With more than a little difficulty, he looked away from the screen. The café was empty, which came as no surprise. It usually was whenever Mr Mangle was working. It wasn’t that he was bad, nor was he an unlikeable person, Rhys actually liked him quite a lot, which surprised both himself and Annie. No, what drove people away was just how out of his depth the man was. Even a simple request for an espresso sent a spasm of terror flitting across his face. No one liked seeing how far a man could fall, and so easily, especially not before they’d had their morning coffee.

Hoping the pity wasn’t entirely visible on his face, Rhys stepped up to the counter. Steven was glaring at the coffee machine, as if hoping a determined expression would make it easier to manage.

Rhys cleared his throat.

Mr Mangle span round, a manic grin on his face. “Rhys! How are you? We just can’t seem to get rid of you!”

“I’m good thanks,” Rhys replied, shifting awkwardly.

“Good to hear,” Steven said. “Annie was telling me you’d been having some trouble recently?”

Rhys felt his face suddenly burst into flames, a blend of shame and fury. “She – she told you that, did she?”

The older man matched Rhys’ complexion, his cheeks flaring especially. He blustered apologies and excuses, all of which fell on deaf ears. In spite of his fondness for Mr Mangle, Rhys also felt uncomfortable being around him. Was that what the future held for him? Annie had spoken at great length about her father’s apparent mid-life crisis, brought about by the shock of his wife kicking him out for, apparently, no reason. His daughter was adamant that Mr Mangle should move on, but Rhys knew that was impossible. Just as it was impossible for Rhys when Annie gave him the same advice. No matter how often, or how loudly she told him, love didn’t let you walk away. Love breaks your legs and laughs as you try to crawl.

Look on the bright side, Rhys said to himself. You have at least another twenty years before your midlife crisis. An icicle of dread plummeted down his throat. Would he be like this for twenty more years? Being consumed daily by the guilt?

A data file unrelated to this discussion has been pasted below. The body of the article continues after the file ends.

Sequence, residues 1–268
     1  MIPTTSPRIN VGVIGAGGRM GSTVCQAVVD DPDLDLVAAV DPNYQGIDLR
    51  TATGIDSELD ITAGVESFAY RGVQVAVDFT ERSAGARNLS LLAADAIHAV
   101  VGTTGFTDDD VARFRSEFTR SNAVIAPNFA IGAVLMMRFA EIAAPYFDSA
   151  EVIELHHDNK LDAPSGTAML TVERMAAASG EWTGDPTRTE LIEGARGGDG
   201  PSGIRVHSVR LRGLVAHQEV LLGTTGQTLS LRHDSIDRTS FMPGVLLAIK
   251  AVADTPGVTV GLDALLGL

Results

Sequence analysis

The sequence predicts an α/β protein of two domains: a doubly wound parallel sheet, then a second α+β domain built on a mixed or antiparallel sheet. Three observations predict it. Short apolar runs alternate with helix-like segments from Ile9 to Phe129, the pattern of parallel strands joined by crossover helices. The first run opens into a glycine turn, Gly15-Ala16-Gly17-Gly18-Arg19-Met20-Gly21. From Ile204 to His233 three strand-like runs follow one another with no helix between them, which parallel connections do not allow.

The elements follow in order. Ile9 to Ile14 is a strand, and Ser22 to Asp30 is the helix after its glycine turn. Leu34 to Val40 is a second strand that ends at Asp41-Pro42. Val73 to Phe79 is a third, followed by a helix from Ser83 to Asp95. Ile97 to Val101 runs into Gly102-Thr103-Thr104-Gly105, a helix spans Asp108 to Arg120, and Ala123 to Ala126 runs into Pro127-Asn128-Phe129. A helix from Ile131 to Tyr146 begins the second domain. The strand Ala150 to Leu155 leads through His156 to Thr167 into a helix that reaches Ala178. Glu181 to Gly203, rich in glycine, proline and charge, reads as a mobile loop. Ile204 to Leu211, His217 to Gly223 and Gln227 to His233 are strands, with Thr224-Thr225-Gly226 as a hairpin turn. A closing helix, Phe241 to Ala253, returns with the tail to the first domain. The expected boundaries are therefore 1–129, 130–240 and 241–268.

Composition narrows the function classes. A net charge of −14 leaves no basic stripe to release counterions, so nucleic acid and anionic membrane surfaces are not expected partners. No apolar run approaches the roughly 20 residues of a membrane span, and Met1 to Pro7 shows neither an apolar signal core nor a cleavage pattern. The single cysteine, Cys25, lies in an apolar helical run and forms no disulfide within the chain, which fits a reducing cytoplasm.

After a few more minutes of awkward chit-chat, punctuated once by the appearance of Marian, a woman feared by all, Rhys was rescued from the moment by both the appearance of a customer, and by the buzzing of his phone. With his stomach twisting and his heartbeat thundering, Rhys unlocked his phone to view the message. The tension burst like a child’s balloon. Just another random dick pic. He took a moment, then decided against it and blocked the sender. Well, now he was here, he might as well have another peek.

Rhys felt his body sag as he realised the message hadn’t even been seen. It wasn’t too late, he thought. If he blocked him as well, it would get him out of the mess and he could actually try Annie’s advice. 

“Rhys!” Mr Mangle exclaimed, dragging him back into the real world. “I thought you were heading to rehearsals?”

He spluttered and stammered, as if caught in the middle of some heinous act. In a way, he thought, that’s not wrong. “I was – I am,” he answered. “I just forgot my coffee.” He quickly made to grab the coffee and run, but Annie’s dad was too quick.

 “I’d like you to meet Annie’s uncle,” Steven said, cheerfully, “Mr Daniel Fayne.” Rhys waved nervously whilst Mr Mangle finished the introductions. The arctic atmosphere was enough to confirm the man was the maternal uncle, and entirely on the side of his sister.

 “Daniel’s miserable like this all the time,” Steven explained with a chuckle.

“Around you anyway,” Annie’s uncle murmured, staring at his mobile and making Rhys pang with longing. “You got my sister pregnant, strong-arming her into marrying you.” There was nothing worse than being stuck in the middle of family awkwardness – except for standing in the middle of in-law awkwardness during a divorce. As Mr Fayne continued to throw barb after barb, and Steven continued to grow more flustered and unconvincingly cheerful, Rhys went on fearing for his future.

 “Things will turn out all right in the end,” Steven said weakly.

“You think you’re going to win her back?” Mr Fayne asked with a cruel snigger.

Rhys stared with eyes of horror at Mr Mangle; his face had taken a waxen sheen, the look of a man up to his neck in delusion, and with no sign of getting himself out. Worst of all, it was the same face Rhys saw every time he looked in a mirror.

“It’s not a case of winning her back,” Steven argued. “I just need to remind her of what she’s throwing away!”

“How are you going to do that? I know you’ve tried calling her. I know you’ve sent her messages on Facebook, sent her emails, you even joined Twitter to try and talk to her!”